The Passion of the Weiss

Sometimes I rhyme slow, sometimes I rhyme quick. But most of the time, I don't rhyme.

Thursday, December 29, 2005

The Movie of the Year

Generally, anyone who has ever spoken to me knows that I believe Hollywood to be a den full of whores and thieves who would pay Adolph Hitler $20 million a picture if he could guarantee a $50 million opening weekend. In particular, 2005 was a terrible year for movies, bloated with big box office spectaculars that I didn't even bother to see, no matter how good anyone said they were. In general, my idea of entertainment doesn't involve paying $15 a ticket to see a monkey running around Skull Island for three hours while sipping wine at the Arclight. There' s nothing wrong with liking those things per se and blockbusters can be enjoyable, but it seems that as the Hollywood studios consolidate, they are increasingly becoming risk-averse and taking chances on movies that are true works of art. So perhaps it's fitting that the only decent movies that seem to be getting made today are independent productions that are filmed on a shoe-string budget and screened at film festivals across the globe, with the film's producers vainly trying to land a distribution deal. Many of these Indie films only elitist and generally much too esoteric for their own good (just because a film plays at the Laemmle does not mean it's deep), but every now and then a truly great one comes along, the kind of movie that you'll praise to anyone you ever meet and beg them to see. The last truly brilliant movie I remember that fit this description was "Eternal Sunshine For The Spotless Mind," but now, there's another one to add to the Passion of the Weiss canon: "The Squid and The Whale."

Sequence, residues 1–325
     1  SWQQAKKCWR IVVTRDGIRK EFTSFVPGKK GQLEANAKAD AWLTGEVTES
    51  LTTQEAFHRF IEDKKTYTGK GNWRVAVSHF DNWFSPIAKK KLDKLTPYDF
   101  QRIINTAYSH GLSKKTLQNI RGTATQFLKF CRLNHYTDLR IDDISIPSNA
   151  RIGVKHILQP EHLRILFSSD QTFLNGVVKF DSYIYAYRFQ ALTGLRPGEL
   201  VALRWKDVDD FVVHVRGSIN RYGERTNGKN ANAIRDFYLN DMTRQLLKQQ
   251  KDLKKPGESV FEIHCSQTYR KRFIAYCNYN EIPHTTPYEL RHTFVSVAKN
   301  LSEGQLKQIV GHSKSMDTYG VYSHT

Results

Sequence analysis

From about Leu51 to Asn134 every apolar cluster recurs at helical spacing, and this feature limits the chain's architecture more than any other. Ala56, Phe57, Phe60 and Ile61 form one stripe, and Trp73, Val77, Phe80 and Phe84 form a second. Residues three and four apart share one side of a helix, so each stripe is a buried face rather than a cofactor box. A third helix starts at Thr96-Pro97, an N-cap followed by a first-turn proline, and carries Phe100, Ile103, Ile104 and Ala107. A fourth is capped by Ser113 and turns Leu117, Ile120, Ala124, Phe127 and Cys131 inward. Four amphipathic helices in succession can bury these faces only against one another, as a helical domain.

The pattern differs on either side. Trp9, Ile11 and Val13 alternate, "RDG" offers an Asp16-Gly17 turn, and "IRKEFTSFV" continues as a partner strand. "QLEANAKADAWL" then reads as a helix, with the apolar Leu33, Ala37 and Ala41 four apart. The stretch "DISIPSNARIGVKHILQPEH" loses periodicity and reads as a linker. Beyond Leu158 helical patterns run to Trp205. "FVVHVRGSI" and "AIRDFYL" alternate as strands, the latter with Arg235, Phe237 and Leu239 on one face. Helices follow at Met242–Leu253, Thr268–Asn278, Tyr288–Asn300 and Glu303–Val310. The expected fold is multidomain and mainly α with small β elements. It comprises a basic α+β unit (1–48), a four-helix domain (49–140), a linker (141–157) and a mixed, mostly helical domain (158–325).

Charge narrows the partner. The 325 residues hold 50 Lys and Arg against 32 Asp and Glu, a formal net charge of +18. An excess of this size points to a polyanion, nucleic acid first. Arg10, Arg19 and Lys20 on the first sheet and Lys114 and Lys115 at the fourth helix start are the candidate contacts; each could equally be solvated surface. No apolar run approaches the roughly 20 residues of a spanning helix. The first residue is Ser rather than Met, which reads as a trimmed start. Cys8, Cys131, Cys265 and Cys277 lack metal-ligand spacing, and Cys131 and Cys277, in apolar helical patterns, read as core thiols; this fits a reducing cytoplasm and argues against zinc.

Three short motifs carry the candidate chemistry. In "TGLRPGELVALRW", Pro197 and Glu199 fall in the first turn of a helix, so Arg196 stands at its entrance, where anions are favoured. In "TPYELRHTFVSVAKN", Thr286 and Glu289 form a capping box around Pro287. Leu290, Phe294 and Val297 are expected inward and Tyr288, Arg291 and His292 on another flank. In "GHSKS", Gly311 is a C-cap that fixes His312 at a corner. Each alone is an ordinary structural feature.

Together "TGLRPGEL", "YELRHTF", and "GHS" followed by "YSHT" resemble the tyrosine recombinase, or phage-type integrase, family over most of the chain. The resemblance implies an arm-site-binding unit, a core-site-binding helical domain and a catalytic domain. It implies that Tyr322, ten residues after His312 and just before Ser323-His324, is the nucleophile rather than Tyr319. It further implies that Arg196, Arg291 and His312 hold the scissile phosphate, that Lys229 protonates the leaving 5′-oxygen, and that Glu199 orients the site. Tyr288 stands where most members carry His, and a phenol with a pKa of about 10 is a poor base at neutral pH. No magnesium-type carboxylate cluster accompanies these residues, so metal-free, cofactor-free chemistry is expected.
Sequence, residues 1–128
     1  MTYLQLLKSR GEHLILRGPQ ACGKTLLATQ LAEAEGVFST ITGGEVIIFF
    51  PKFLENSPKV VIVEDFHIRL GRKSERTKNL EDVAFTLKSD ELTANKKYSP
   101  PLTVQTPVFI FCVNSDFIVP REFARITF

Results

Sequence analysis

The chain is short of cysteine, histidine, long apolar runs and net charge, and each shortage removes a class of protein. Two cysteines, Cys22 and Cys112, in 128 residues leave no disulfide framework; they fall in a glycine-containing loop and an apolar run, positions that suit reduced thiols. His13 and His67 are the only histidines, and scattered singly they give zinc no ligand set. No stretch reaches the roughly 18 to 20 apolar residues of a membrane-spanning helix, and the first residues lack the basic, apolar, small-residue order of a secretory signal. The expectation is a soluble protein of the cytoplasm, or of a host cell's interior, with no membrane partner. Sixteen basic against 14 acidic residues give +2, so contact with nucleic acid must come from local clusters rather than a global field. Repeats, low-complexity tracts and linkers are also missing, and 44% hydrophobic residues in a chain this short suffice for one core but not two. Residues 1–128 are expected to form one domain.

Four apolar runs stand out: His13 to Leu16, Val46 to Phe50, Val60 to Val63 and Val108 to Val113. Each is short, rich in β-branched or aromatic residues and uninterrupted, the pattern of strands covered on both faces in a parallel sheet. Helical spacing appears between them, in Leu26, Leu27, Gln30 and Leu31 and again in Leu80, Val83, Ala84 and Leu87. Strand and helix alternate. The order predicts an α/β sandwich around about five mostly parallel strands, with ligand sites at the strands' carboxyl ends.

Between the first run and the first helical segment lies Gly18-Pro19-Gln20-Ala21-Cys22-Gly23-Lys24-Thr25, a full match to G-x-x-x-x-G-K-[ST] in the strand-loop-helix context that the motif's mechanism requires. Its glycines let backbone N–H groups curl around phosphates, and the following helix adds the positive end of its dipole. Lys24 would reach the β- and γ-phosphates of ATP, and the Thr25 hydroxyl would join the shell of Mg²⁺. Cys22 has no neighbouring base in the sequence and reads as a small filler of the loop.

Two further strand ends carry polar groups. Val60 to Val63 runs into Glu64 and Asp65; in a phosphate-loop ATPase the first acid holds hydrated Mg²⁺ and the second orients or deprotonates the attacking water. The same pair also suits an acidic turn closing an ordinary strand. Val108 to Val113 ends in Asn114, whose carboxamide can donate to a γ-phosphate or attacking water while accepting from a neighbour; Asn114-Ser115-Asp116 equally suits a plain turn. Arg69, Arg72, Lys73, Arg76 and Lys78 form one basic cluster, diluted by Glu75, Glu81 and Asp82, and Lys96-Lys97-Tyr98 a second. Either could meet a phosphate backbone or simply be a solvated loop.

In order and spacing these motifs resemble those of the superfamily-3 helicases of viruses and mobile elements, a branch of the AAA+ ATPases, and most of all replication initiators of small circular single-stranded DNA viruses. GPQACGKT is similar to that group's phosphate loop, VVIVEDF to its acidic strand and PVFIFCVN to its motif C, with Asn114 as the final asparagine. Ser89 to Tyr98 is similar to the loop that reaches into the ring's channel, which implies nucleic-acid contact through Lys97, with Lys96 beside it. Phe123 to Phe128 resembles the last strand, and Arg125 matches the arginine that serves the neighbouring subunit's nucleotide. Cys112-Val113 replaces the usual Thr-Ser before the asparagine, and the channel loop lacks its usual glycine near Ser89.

Debuting in the middle of October in a few selected cities, the film which was made for $1.5 million (practically unheard of by today's standards) has grossed barely over $4 million. Consequently, as no studio would ever have the brains to touch a film so unflinchingly honest and intelligent, this film has essentially gone unmarketed and except for a handful of "intellectuals" and film critics, practically no one has seen it. And at first, despite the raves of people whose critical tastes I respected (shouts goes-out to Jon "Fish Out of Water in Shark City" Caren), I couldn't bring myself to watch the film. After all, it was written and directed by Noah Baumbach, the person who had collaborated with Wes Anderson to produce "The Life Aquatic With Steve Zissou," which might be the most disappointing movie that I' ve ever ever seen. But I'm thankful that I got over my own biases towards seeing the movie, as it's my pick for 2005's Movie of the Year.

Chronicling the tale of a family in Brooklyn in the mid-1980s getting ripped apart by divorce, "The Squid and The Whale," is a must-see for anyone whose childhood might not have been candy-cane perfect (read: practically everyone.) The film features a ludicrously good performance by Jeff Daniels in what is likely going to shape up as the performance of his lifetime (yes...It is better than his role in Dumb and Dumber...which I might add is also a very excellent performance). Daniels plays the cinematic alter-ego of small-time novelist Jonathan Baumbach (Noah's father) as he loses control of his career and his marriage when his wife, played by Laura Linney (also amazing in her role), begins having torrid affairs with a series of men and begins having literary success of her own.